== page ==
Seawolves bring stingy defense to U

Tim Nichols

The Gophers men’s hockey team will face a series of extremes in the first round of the WCHA playoffs this weekend against Alaska-Anchorage.
The Gophers’ (12-17-9 overall, 10-12-6 in the WCHA) newfound scoring attack will go up against the league’s stingiest defense, while their recent propensity to give up odd-man rushes and breakaway plays right into the Seawolves’ (12-16-5, 10-13-5) opportunistic hands.
“They play well and work so hard,” coach Doug Woog said of Alaska-Anchorage. “You don’t want to fall behind. They are well-disciplined and well-coached. It’s just going to be very tight. Goaltending will be a big issue.”
The Seawolves come into the series with the conference’s statistical goaltending champ in freshman Gregg Naumenko. On the other end of the ice is Gophers freshman Adam Hauser.
Although Hauser hasn’t put up the numbers that Naumenko has this season, he has played a ton of minutes. Hauser was second in the league in minutes played this season, 56 behind Wisconsin’s Graham Melanson.
On paper, Naumenko looks to be the better goalie in this series, but it is nearly impossible to predict how goalies — especially freshmen net-minders — might perform in the pressure-cooker of the playoffs.
Hauser has spent the last week trying to get himself in a playoff state of mind.
“It started last week in Wisconsin,” Hauser said. “When you go into the playoffs you just want to stand tall, be strong and not let anything get to you. The game is played just like the other games, so all you can do is play the best you can.”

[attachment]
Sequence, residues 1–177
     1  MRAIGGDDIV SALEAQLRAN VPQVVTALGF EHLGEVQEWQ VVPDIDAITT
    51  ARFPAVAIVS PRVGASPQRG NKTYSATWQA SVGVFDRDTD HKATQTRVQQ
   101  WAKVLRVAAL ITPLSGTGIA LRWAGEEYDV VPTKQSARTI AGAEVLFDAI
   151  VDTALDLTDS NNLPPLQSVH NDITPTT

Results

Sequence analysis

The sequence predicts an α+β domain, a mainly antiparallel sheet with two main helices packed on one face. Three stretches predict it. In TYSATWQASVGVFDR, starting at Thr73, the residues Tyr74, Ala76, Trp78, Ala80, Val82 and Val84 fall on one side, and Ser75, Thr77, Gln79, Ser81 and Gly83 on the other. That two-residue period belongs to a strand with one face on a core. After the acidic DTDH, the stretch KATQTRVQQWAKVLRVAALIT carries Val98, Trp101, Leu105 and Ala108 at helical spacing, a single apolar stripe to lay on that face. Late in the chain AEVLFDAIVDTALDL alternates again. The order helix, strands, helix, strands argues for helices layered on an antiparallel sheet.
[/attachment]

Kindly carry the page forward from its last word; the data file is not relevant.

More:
Alaska-Anchorage coach Dean Talafous gave his team five days off to recuperate physically and mentally. The Seawolves last series was two weeks ago when they lost a pair of hard-fought games to Colorado College. In those games, Alaska-Anchorage played without two of its leading scorers — freshman Gregg Zaporzan and junior Rob Douglas.
Now, Talafous is trying to get his team to concentrate on the game, not on who they are facing.
“I’m trying to get the team not to worry about Minnesota,” Talafous said. “We’ve worked long and hard trying to be the best. We made a lot of progress with the 4-3 loss in North Dakota and two one-goal games in Colorado College. We were competitive. A first round win would be a big step for our program.”
Alaska-Anchorage is one of the most defensive-oriented teams in the conference. Instead of attacking their trapping defense, Minnesota must be patient bringing the puck up the ice and finding spots to exploit.
Gophers junior forward Aaron Miskovich said the best offense might be a better defense.
“We just need to concentrate on defense,” Miskovich said. “We’re scoring goals, we need to limit the other team’s goal production. We’re just going to try to tighten up our defense.”
Minnesota is looking for a return to the WCHA Final Five, after Minnesota-Duluth took out the Gophers in the first round with five unanswered goals in the deciding game of the series.
But making it to the Target Center might be more difficult than in seasons past. Minnesota has been plagued by defensive mistakes, which is exactly where the Seawolves make their money.
But can the Gophers finally play a full 60-minute defensive game and go back to the Final Five?
“We need to know who we have everywhere on the ice,” Hauser said. “Everybody needs to do their own job. As soon as people try to do other people’s jobs, that’s when we get in trouble. Everybody needs to concentrate on what they need to do, who’s their guy. If we do that, we’ll be alright.”